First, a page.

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Level 3

History A-level


The course looks at important historical issues in breadth as well as in depth. It helps students to understand how the world has become what it is and our place in it. It develops students’;; ability to think critically and reach conclusions based on evidence.
Topics studied include:
Unit 1: The British Empire, c1857-1967
Part One. The High Water Mark of the British Empire, c1857-1914:
Expansion in Africa and India, The Suez Canal, Imperial Policy and the Scramble for Africa, Trade and Commerce, Attitudes in Britain, Indian Rebellion 1857, Relations with the Bantu people, , the Second Boer War, popular culture and empire, key individuals such as Joseph Chamberlain, Cecil Rhodes and David Livingstone.
Part Two. Imperial Retreat, 1914-1967:
The impact of the First and Second World War, Colonial Policy in India, Withdrawal and Partition, The Role of Gandhi and Jinnah, Decolonisation in Africa, The Suez Crisis, The Creation of the Commonwealth, Trade and Commerce and Post-War Reconstruction, Post-Colonial Ties, Relations with Indigenous Peoples, the Mau Mau, Rhodesia and Ian Smith
Unit 2: Revolution and Dictatorship, Russia, 1917-53
Part One. The Russian Revolution and the Rise of Stalin, 1917-29:
Nicholas II and the Russian War Effort, The February Revolution, The Dual Power, Lenin and the Bolshevik Party, The October Revolution, The Russian Civil War, The Early Bolshevik State and Economy, Foreign Relations and the Russo-Polish War, Lenin’;s Death and Power Vacuum, Ideological Debates, ‘The Great Turn’;, The Start of the Stalin Cult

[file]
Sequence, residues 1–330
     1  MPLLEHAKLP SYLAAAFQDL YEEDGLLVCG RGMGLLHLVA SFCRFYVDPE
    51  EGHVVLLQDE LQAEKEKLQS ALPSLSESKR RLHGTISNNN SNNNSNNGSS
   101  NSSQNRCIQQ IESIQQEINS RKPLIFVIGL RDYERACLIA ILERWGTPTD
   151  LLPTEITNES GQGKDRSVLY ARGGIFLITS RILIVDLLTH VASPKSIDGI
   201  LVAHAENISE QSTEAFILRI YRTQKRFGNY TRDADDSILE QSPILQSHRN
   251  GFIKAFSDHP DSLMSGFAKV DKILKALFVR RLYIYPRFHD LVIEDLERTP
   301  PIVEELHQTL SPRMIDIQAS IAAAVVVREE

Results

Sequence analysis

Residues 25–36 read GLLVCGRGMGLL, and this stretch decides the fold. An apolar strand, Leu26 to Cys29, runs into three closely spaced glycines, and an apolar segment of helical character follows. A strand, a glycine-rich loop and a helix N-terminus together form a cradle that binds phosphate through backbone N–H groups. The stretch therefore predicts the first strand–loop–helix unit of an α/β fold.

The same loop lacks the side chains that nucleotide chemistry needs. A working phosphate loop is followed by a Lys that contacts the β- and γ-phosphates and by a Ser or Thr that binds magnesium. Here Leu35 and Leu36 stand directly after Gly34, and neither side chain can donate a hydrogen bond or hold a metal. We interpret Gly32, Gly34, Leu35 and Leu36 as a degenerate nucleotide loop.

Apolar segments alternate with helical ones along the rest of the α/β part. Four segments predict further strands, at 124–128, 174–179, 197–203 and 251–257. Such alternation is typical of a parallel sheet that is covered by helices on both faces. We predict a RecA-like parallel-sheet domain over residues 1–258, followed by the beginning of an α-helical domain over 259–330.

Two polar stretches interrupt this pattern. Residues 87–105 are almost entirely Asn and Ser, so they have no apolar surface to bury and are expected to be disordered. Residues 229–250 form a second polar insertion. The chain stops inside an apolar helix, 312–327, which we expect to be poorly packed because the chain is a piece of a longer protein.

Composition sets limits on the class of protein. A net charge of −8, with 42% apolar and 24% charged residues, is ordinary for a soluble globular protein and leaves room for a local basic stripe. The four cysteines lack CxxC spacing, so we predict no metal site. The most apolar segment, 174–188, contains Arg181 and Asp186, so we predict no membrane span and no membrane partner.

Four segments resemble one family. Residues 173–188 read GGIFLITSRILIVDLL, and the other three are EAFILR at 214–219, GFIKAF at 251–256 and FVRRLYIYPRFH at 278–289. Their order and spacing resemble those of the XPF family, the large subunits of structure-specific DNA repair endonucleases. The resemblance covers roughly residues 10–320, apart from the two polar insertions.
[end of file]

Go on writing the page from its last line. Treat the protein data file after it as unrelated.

Part Two. Stalin’;s Rule, 1929-53:
Agricultural and Social Developments, Collectivisation, Gosplan and the Five Year Plans, Stalin’;s Cult and Socialist Realism, Dictaroship and Stalinism, The Yezhovchina and the Great Purge, Stalinist Society, Co-Operation with Germany and the Nazi-Soviet Pact, The Impact of the Second World War, High-Stalinism, The Emergence of the USSR as a Superpower
Unit 3: The Crusades, 1071-1204
Coursework Unit: 3500-4500, using primary and secondary sources.
We use a range of teaching and learning methods: formal presentations by the teacher; discussions; group work; presentations; independent research; e-learning. We aim to take account of different learning styles and learner experiences.


You need a minimum of five GCSEs at 9-4, including grade 5 in English Language and grade 4 in Maths. Although previous historical knowledge is helpful it is not essential. Students do not need to have studied History GCSE. An interest in current affairs and a willingness to read widely in a range of texts is desirable.


Our range of leisure and hobby courses keeps growing, with even more fun and exciting courses starting throughout 2023.